It’s not uncommon for recruiters to encounter applicants who have all of the technical competencies required for the job–and then turn them down. This is because recruiters also look at an applicant’s soft skills. Compared to hard or technical skills, soft skills are more intangible and difficult to objectively measure. These can include personal qualities, emotional intelligence, and interpersonal skills, all of which affect how we relate to people and how we adapt to changes. Although we often emphasize our technical skills when applying for a job, soft skills are actually heavily valued by employers.
Why Soft Skills Matter
In a global survey done by LinkedIn, 92% of hiring managers said that soft skills are just as important as technical skills–or even more so. In fact, soft skills can make or break a job application, regardless of how qualified the candidate is otherwise. This can seem surprising given the increasing emphasis on keeping up with new technology. But in a world where more and more of our hard skills will be outsourced to technology, from creating website templates to filing paperwork, soft skills remain distinctly human.
On a practical level, soft skills also have a major impact on work performance. Even when they have the same level of knowledge, someone with a growth-oriented mindset will be more open to learning compared to someone who’s fine with staying where they are. Poor communication can easily disrupt a project, and lack of teamwork can be disastrous, even if all individuals can do their tasks properly on their own.
Top Soft Skills
As a result, recruiters take care to check an applicant’s soft skills, especially during interviews. Here are the top soft skills that employers in any field will screen you for:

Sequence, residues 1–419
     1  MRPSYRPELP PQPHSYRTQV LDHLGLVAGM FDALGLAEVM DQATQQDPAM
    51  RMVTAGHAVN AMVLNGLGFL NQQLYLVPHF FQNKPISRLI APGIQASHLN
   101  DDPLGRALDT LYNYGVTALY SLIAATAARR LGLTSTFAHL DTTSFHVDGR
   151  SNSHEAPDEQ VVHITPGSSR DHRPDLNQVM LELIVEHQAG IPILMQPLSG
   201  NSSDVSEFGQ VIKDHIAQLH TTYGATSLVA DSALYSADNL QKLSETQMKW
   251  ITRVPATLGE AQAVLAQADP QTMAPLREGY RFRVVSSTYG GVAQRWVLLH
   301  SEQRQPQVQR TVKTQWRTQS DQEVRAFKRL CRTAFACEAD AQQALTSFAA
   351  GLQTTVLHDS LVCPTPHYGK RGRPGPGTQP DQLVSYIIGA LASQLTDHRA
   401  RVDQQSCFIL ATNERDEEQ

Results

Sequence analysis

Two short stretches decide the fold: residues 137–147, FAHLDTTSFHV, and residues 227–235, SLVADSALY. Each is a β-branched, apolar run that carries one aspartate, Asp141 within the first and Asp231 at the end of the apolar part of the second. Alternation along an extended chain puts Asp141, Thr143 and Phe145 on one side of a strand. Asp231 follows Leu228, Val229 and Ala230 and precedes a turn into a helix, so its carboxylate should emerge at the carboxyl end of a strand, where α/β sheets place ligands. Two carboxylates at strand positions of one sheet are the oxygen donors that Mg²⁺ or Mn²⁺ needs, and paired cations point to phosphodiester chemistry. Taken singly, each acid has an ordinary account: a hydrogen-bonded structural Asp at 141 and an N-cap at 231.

The ability to collaborate well with others is heavily valued by employers because nobody works in isolation today. Whatever your position is, you’ll be assigned to a specific department and team. Even jobs that can seem solitary such as writing or coding involve getting the outputs of different people and taking into account others’ feedback. In addition, job roles are often fluid, and the higher up you go, the more likely you’ll be managing people or collaborating directly with clients.
Interview Question: “If someone in your team is lagging behind with their tasks, what would you do?”
Communication has always been fundamental in work, whether you’re in a 9-to-5 job or you’re an entrepreneur. However, as remote work becomes the norm, employers want to see strong communication skills more than ever. A significant amount of communication now happens through emails or apps such as Slack and Zoom. Even in person, you will have to make presentations, explain your ideas in meetings, or give regular progress about your tasks.
Interview Question: “Imagine that I’m a five-year-old, and explain your solution for this scenario to me.”
Unexpected situations and challenges are inevitable, from customer complaints to deadlines having to be adjusted several days earlier. For most of these, there won’t be a direct script telling you what to do–you’ll have to make the decision on your own while factoring in different variables. Employers will expect evidence of your problem-solving skills. Aside from critical thinking, problem-solving involves thinking out of the box as well as remaining calm under pressure.
Interview Question: “Describe a time at work where you had to make a difficult decision.”
The job landscape is evolving quickly, and companies have to be constantly improving in order to stay on top of the market. They also want the same for their employees. Having a growth mindset means being willing to move out of your comfort zone and learn new skills, often on your own initiative. When you experience a setback, can you find the lesson in it and use it for improvement? Although companies can directly provide plenty of training and opportunities for growth, they seek job candidates who are self-motivated and who can get moving on their own.
Interview Question: “How do you think you’ve changed over the past year?”
You may not be able to predict which questions will come up in your interview, but you can prepare concrete examples from your life that demonstrate you have these qualities. All four of these are widely sought after, and showing evidence for these will improve your application.